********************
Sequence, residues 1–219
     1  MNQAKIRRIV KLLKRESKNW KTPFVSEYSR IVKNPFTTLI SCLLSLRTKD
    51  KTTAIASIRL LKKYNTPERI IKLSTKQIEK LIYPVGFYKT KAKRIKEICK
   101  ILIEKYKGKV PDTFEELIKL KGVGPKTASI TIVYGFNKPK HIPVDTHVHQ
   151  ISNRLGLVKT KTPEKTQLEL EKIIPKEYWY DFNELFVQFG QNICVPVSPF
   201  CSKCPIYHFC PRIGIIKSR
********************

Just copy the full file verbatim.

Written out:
Sequence, residues 1–219
     1  MNQAKIRRIV KLLKRESKNW KTPFVSEYSR IVKNPFTTLI SCLLSLRTKD
    51  KTTAIASIRL LKKYNTPERI IKLSTKQIEK LIYPVGFYKT KAKRIKEICK
   101  ILIEKYKGKV PDTFEELIKL KGVGPKTASI TIVYGFNKPK HIPVDTHVHQ
   151  ISNRLGLVKT KTPEKTQLEL EKIIPKEYWY DFNELFVQFG QNICVPVSPF
   201  CSKCPIYHFC PRIGIIKSR